In my house, we used to have phone cable wars. My son or my wife would want to plug in their phone on my phone cable - or vice versa. And inevitably, the one who cable was being borrowed would say, ‘Hey, I need to plug in now. Get your own cable.” I need to be ready for tomorrow. 

Eventually we got a bunch of extra cables to stop the phone cable wars, but noticing that we have our own ways we are not willing to share our energy sources helped me sympathize with the bridesmaids who didn’t feel like they could share their oil with their sisters. They wanted to be prepared for the next day. 

I really can’t say that I am always willing to share my cable charger, my energy source, with other people who didn’t bring their charger - or their lamp oil, or their water - with them, even if it means they couldn’t get in to the party. I had to learn that lesson for myself the hard way, and be prepared for the party. 

We might think about our energy source with God, and realize that we all need to have our own relationship with the divine. There’s just no substitute. You can’t borrow my relationship with the Living God. You have to have your own. You have to put in the time listening and waiting and praying, preparing, so you have can your own relationship with God.

Getting back to the passage. It is a kind of harsh judgmental passage toward these 5 supposedly foolish bridesmaids. The passage says with some finality, “The door was shut.” The five foolish maidens had missed their chance. Many of us can remember a time when we missed our chance, when a door closed, when we were trying to get somewhere or accomplish something and we didn’t make it. It can be a despairing kind of feeling. Eventually, we learn to be prepared. We learn to have our own relationship with God. Time is a limited resource. And we have to give our own time to God, so the door doesn’t get shut on us.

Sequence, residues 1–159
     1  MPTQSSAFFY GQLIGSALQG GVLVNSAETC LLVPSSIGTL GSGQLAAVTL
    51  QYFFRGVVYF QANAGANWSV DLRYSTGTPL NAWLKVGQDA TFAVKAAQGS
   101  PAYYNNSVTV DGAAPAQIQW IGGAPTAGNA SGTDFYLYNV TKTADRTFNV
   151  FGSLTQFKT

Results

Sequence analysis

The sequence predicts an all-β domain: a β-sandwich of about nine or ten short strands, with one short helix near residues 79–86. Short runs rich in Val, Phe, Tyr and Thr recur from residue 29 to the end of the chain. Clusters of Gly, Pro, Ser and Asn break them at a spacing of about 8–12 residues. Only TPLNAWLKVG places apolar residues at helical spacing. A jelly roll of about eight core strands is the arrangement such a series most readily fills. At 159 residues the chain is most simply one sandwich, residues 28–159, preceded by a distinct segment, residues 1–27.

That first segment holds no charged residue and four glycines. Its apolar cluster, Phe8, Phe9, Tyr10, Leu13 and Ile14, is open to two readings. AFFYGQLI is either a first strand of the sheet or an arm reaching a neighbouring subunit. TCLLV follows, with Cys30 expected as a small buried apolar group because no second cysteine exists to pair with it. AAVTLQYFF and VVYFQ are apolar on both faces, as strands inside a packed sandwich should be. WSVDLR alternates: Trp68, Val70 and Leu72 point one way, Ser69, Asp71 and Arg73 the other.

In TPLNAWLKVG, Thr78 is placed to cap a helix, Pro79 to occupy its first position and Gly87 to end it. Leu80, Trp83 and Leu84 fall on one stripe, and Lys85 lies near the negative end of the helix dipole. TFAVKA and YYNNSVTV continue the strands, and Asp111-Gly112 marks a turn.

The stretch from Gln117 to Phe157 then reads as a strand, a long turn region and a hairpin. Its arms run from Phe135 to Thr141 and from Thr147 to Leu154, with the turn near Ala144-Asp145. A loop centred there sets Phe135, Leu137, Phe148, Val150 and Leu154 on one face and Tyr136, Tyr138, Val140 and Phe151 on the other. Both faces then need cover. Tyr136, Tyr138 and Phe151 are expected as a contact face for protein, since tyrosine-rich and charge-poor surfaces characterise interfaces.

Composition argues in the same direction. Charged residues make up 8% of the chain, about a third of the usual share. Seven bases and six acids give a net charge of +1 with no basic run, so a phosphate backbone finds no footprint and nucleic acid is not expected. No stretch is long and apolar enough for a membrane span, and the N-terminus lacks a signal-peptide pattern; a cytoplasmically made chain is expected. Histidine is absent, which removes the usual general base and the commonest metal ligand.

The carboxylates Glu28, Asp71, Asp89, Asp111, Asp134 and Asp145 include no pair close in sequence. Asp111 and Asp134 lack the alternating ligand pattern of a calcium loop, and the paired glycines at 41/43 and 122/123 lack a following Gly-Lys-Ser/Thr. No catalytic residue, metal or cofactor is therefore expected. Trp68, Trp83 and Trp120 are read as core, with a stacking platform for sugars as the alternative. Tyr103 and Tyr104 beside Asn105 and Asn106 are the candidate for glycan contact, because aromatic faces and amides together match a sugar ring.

In spite of the feeling of finality in the story, though, I gotta tell you, when I read this story, I’m always hoping to hear a bigger word of hope  - knowing that God makes a way out of no way, that God is making a way around the shut doors of our world. I know that God has made a way for the women who have been abused and misused, and are just beginning to find the strength and the encouragement to tell their stories. The door that was shut is opening to a new healing. 

I find myself asking God - what happened to those 5 foolish women after they got locked out of the party, and in my mind’s eye, God showed me some pictures of one of them climbing through a window out back, one of them dressed up as a man to get through the door, and three of them pinky swore to each other that they would never get married. Two of them stayed together the rest of their lives and one of them was by herself - and she did just fine. Some people called her foolish to the end of her days, but she was actually quite content in relating to the world on her own terms.

We all need to find our own ways to prepare for the joy of connecting with the Living God. That is - the God who is opening the door to people who have been shut out of the world or shut out of the church, whether through abuse or neglect or because of their sexual orientation or gender expression, or because of names they were called or mistaken things they were taught, because of disabilities or ethnic background or mental illness. 

We know God wants everyone to be able to prepare for the joy of connection and relationship. Even if some of the doors of our churches or our society close for good, I am quite confident in the presence of the Living God in our communities, reopening ways, reopening paths for our children and for our friends and neighbors to find redemptive love, healing, and renewal, preparing us for a future of deep joy that we didn’t even know existed. 
Rejoice, God is present with us, opening the doors. Rejoice, God is with us, showing us a way when we were just about to give up. Rejoice, God is with us, preparing us for joy.

*Responsive Hymn 715 Rejoice, the Lord is King